Interview: Mira Grants joins us to talk all things ‘Parasite’

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seananOnce again, I was excited to chat with author Mira Grant (aka Seanan McGuire) about her newest book. This time around we talk Parasite, science, mad science, and the fact that I wasted about three hours online looking for a nonexistent book.

Both your Newsflesh books and now Parasite are grounded in real world science and medicine. How do you go about researching and planning a book like this?

“I read.  A lot.  And then I chase down the footnotes in the things that I read, looking for the pieces that aren’t in the ‘pop science’ books—which are a great place to start, don’t get me wrong.  They’re full of easily marked doors, and on the other side of those doors?  Miracles.”

Do you have professional doctors or scientist friends you get to fact check these books, or do you puzzle out all the minutia yourself?

“I fact check constantly with professionals in the field.”

FeedBefore we move into Parasite, can you plug the Newsflesh books for new readers?

“The Newsflesh books are about zombies, diseases, politics, blogging, family, and how far we are willing to go for the illusion of safety.  I’m really proud of them.  I actually do recommend them, and not just because I wrote them.”

Right off the bat, I need to know how you came up with the idea of incorporating a children’s book into a medical thriller? It worked magnificently, but it’s an unusual plot device. I started trying to find a copy about three chapters into the book, and Google had nothing…you made it up, didn’t you?

“I did.  I did make it up.  As for why…there’s a fairy tale quality to Don’t Go Out Alone, and Sal, in many ways, is a fairy tale protagonist.  So I wanted that eeriness throughout.”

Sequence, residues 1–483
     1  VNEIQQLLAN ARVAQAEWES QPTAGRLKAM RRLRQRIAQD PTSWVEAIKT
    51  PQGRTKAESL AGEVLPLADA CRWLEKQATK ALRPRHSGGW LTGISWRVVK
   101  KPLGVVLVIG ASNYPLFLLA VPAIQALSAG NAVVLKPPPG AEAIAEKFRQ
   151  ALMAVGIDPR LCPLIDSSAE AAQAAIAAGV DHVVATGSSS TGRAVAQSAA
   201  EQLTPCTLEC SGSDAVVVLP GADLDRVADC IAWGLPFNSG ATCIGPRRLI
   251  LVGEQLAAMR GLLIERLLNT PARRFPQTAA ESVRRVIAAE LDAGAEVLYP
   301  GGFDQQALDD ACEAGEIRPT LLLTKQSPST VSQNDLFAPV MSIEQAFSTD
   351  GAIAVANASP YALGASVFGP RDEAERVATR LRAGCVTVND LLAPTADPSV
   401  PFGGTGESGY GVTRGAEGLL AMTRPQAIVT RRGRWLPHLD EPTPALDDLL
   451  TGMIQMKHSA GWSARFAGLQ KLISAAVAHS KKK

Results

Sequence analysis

Parasite1Even though you started dropping bread crumbs for your readers quite early, you left your protagonist, Sal, in the dark on several large plot elements until the very end. This created an incredible amount of suspense and second guessing to the point I felt like Iago was monologuing in the background…was there ever a point in planning the story you considered tipping your hand earlier?

“No.  Once the hand is tipped, it’s not the first book anymore.  I tend to see the story in very clear acts, and once that particular plot element was revealed, we were in act two.”

It’s clear from the majority of your writing you really love zombies. And yet, no one even started using the term in slang fashion in this story. Why did you choose not to use that word this time around?

“Because I didn’t want people to start going ‘oh, it’s just another zombie story,’ even though some aspects are very much like that.  Also, we don’t really deal with the man on the street much—these are scientists, and they know that this is not the zombie apocalypse.  This is something worse.”

So is there a real life person behind Dr. Abbey and Dr. Shanti?

“Both Dr. Shannon Abbey and Dr. Shanti Cale are named after real people.  Dr. Cale is more a combination of people—along with my desire to have a bad-ass mad scientist in a wheelchair who can still kill you with her brain—while Dr. Abbey is completely based on a good friend of mine.”

This book like your Newsflesh is fueled by a degree of mad science. Yet you always temper the “oh gee, I just destroyed the world as we know it” with a healthy dose of “even so, my stunt was bloody brilliant.” And I think that a certain degree of that is natural in science. Even at its scariest, it is awe inspiring what we can do. Is this perspective just coming from the nature of your stories or is this a glimpse of you yourself think?

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by Seanan McGuire

“It’s a glimpse of how I myself think.  I adore science, I adore the things it can do, and I’m the kind of girl who sometimes sits in the wreckage blinking and going ‘wow, that was awesome.’”

Aside from the science, you have amazing realistic portrayals of how big businesses are run and how to break into high security facilities. Do you start with real world examples and create these scenarios from there or do these all come from your imagination?

“A little bit of both.  I do research here, too.”

This is the first book of a duology? Or will there be a main series and several spin-offs like Newsflesh?

“Newsflesh doesn’t have any spin-offs.  There are some novellas, but they’re not spin-off series, they’re not necessary to enjoy the main trilogy.  Parasite is the first book, I can’t say for sure whether it’s going to wind up two or three books long, and there are no novellas currently planned.”

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